AP'PETITE, n. L. appetitus, from appeto. See Appetence.
1. The natural desire of pleasure or good; the desire of gratification, either of the body or of the mind. Appetites are passions directed to general objects, as the appetite for fame, glory or riches; in distinction from passions directed to some particular objects, which retain their proper name, as the passion of love, envy or gratitude. Passion does not exist without an object; natural appetites exist first, and are then directed to objects.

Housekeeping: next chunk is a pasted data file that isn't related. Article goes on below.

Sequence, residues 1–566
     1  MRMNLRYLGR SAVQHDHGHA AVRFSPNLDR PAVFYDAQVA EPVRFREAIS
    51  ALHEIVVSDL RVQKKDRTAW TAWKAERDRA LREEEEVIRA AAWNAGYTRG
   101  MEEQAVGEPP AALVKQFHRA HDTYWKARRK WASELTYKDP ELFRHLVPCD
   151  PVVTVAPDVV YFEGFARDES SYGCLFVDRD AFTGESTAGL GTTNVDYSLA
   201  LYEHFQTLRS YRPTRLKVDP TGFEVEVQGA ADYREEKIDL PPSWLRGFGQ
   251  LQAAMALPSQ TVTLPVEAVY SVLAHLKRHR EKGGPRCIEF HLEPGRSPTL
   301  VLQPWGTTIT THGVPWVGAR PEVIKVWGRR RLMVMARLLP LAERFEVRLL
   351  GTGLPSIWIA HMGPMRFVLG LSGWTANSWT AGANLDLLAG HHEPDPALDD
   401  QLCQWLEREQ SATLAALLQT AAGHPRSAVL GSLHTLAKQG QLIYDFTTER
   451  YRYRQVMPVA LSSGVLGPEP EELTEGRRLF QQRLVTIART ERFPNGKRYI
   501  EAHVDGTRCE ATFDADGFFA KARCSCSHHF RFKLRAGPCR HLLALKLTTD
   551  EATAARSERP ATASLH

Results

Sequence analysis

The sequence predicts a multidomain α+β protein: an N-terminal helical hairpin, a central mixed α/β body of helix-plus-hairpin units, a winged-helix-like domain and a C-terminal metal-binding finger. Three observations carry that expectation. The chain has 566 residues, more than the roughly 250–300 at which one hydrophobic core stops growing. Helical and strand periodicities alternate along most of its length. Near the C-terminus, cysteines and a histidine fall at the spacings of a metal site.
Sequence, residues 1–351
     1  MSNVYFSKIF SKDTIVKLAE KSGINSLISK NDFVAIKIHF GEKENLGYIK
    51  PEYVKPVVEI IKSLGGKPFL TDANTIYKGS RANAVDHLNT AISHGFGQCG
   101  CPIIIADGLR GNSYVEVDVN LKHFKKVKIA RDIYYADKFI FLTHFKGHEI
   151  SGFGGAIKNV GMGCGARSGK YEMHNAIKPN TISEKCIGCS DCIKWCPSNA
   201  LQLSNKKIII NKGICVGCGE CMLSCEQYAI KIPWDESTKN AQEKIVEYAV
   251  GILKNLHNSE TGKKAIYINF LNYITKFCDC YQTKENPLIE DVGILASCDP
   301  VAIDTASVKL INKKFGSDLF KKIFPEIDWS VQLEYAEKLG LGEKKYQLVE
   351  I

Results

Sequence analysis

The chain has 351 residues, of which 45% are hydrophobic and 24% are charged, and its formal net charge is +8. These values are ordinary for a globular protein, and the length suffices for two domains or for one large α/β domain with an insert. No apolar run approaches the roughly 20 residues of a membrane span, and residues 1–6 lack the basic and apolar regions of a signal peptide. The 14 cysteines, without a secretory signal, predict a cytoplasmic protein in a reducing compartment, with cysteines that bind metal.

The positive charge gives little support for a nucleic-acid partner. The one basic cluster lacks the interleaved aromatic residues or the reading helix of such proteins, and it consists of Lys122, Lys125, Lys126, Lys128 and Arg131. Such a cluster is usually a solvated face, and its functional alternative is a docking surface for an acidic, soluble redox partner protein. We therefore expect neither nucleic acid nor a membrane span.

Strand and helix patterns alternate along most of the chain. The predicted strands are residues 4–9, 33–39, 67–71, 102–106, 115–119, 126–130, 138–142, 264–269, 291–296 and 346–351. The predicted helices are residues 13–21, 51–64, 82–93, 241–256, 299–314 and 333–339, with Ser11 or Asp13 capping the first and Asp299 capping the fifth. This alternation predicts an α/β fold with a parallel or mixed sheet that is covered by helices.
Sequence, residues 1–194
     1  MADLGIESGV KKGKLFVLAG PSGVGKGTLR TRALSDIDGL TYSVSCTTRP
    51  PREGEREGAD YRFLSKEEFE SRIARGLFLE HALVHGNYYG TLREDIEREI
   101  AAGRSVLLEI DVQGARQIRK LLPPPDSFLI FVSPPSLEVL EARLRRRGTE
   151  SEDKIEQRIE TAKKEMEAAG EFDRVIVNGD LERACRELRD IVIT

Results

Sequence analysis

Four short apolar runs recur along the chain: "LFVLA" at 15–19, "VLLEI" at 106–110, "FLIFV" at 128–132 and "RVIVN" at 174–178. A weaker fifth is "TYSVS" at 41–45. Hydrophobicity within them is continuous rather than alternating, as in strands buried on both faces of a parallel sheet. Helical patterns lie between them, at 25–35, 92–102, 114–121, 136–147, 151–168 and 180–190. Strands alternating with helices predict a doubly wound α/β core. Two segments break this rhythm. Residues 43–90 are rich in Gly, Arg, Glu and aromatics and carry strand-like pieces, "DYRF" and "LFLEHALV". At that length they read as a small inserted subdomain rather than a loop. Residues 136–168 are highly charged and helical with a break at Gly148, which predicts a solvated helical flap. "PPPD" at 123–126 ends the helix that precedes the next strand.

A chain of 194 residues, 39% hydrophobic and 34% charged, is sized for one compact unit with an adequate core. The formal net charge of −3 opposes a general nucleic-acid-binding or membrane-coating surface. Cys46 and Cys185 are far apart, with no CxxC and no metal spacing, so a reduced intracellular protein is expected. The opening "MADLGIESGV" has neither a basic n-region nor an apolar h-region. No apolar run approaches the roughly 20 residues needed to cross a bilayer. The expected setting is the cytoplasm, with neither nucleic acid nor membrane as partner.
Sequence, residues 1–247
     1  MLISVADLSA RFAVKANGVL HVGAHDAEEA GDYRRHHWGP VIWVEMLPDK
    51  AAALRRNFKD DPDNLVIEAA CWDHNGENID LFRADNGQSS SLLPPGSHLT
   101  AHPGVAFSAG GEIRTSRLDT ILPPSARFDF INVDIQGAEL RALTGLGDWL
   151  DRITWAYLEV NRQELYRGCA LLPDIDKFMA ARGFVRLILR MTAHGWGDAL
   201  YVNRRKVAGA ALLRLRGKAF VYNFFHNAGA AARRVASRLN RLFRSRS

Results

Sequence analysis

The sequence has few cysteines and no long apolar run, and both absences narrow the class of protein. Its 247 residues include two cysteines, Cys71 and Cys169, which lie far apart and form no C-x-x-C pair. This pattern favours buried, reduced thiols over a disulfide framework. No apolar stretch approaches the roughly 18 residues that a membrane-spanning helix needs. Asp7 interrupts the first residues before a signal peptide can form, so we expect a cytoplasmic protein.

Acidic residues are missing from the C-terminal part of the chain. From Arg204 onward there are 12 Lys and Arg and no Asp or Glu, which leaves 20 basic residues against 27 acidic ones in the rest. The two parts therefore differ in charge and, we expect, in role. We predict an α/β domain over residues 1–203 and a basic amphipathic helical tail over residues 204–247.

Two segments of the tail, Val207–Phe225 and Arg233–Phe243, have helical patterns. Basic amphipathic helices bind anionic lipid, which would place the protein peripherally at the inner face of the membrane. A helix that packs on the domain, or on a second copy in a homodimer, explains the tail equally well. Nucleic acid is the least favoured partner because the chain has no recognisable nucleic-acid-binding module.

2. A desire of food or drink; a painful sensation occasioned by hunger or thirst.
3. Strong desire; eagerness or longing.
4. The thing desired.
Power being the natural appetite of princes.
Appetites are natural or artificial. Hunger and thirst are natural appetites; the appetites for olives, tobacco, snuff, &c. are artificial.
In old authors, appetite is followed by to, but regularly it should be followed by for before the object, as an appetite for pleasure.
To be given to appetite, is to be voracious or gluttonous. Prov. 23:2.